I continued on the trail and came across some backcountry skiers with their dog. They thanked me for trenching the trail, and did a great job of smoothing it down with their skis. I wished them luck, thanked them for smoothing my tracks down, and was on my way. They gave me an odd look: I smiled back, but I’m sure I looked a mess!


Back on the road I kept my snowshoes on just because I didn’t want to take off my gloves. It was still so cold out! There were now several cars in the parking area


I made it back to my truck at 11:45am, making this an 8 mile hike with 3115 feet of elevation gain in 5 hours, 30 minutes.


I was really glad I’d decided to hike above treeline today. I’d been a little put off due to the forecast, and I’d had to seriously push myself during the hike, but it had been worth the experience. It reminded me again when I have the option to go hiking or not, the answer is to at least give it a try.

When I made it back to my truck I took off my snowshoes and hopped into the cab and turned on the heater to warm up. The temperature outside read 12 degrees. Slowly, I re-warmed my hands and once my fingers were moving normally again I took off my shoes, socks, and outer jackets/layers. I was happy to see my toes looked ‘normal’! The ice in my hair was the worst: it dripped onto my neck/shoulders as it gradually warmed and melted. I put on sandals and started my drive home. About 10 minutes later my foot started throbbing. I pulled over and drat! My toes were blue! I turned over my foot and the entire pad was blue as well. So much for “operation no blue toes” this year. I was so frustrated! They’d seemed fine when I got back to my truck, why were they hurting and blue now? After about 30 minutes they were back to ‘normal’ again, going from blue to a waxy red and eventually back to white. No permanent damage, just a Raynaud’s attack (they only last about 30 minutes or so, and can happen in any weather, just most likely when cold). One way to prevent them is to stop hiking in the winter, and that’s not going to happen, so I’m going to have to learn to live with the attacks or suck it up and take the medication (I’m not a fan of drugs, so this isn’t likely to happen either). At least they’re not affected while I’m hiking.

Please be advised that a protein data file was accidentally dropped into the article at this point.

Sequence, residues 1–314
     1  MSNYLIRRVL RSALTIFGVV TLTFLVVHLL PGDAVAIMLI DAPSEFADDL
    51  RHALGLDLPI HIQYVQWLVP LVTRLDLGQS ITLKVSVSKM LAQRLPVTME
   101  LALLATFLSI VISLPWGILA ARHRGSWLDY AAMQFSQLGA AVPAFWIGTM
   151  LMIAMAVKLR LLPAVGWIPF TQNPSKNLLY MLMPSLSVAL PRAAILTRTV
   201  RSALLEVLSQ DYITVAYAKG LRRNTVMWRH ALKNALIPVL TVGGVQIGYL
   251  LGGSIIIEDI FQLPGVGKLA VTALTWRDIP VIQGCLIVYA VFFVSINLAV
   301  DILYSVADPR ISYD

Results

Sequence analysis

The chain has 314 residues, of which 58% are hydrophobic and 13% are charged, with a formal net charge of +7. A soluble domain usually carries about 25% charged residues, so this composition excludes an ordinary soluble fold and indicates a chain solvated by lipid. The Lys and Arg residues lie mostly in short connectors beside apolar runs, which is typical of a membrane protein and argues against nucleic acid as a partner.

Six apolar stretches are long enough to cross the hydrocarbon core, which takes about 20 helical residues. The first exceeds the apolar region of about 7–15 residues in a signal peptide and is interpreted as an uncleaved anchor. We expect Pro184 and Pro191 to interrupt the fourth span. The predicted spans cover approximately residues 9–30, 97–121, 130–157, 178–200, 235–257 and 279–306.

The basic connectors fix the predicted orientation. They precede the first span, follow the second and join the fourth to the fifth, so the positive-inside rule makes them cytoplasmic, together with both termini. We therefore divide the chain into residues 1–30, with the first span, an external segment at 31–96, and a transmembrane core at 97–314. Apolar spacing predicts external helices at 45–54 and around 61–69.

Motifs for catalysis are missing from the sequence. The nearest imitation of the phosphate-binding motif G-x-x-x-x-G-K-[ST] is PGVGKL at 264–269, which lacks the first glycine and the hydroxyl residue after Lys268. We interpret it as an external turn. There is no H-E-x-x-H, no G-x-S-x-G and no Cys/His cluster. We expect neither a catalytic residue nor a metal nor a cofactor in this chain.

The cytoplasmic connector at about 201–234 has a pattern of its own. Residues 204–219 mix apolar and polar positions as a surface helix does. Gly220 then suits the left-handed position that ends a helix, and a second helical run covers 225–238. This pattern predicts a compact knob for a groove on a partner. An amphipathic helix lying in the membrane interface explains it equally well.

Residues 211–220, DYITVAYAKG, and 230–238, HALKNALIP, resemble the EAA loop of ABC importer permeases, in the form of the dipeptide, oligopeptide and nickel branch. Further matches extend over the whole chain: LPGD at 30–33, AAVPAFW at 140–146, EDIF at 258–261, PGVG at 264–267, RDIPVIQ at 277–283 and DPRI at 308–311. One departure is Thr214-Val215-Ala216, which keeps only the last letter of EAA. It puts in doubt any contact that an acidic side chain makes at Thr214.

Thumbnails for uploaded photos (click to open slideshow):
1 2 3 4 5 6 7 8 9 10 11 12 13 14 15 16 17 18 19 20 21 22 23 24 25 26 27 28 29 30 31 32 33 34 35 36 37 38

 Comments or Questions
Yep, cold!
01/13/2020 11:51
Hey WW,

Yep, I was out yesterday in the Mt. Sheridan area, cold! Steady 20mph in the face, I actually broke out my "emergency mitts," haven't used those since a few winter ascents of Mt. Washington in New Hampshire years ago. Decided to abort, not from the cold (I was finally toasty warm at 12K), but from a suspiction I was overtraining, just dragging on the ascent, no fun. Anyway, I agree it was pretty cold, and applaud you for topping out. Way to persevere!


   Using your forum id/password. Not registered? Click Here

Caution: The information contained in this report may not be accurate and should not be the only resource used in preparation for your climb. Failure to have the necessary experience, physical conditioning, supplies or equipment can result in injury or death. and the author(s) of this report provide no warranties, either express or implied, that the information provided is accurate or reliable. By using the information provided, you agree to indemnify and hold harmless and the report author(s) with respect to any claims and demands against them, including any attorney fees and expenses. Please read the Safety and Disclaimer pages for more information.

© 2020®, 14ers Inc.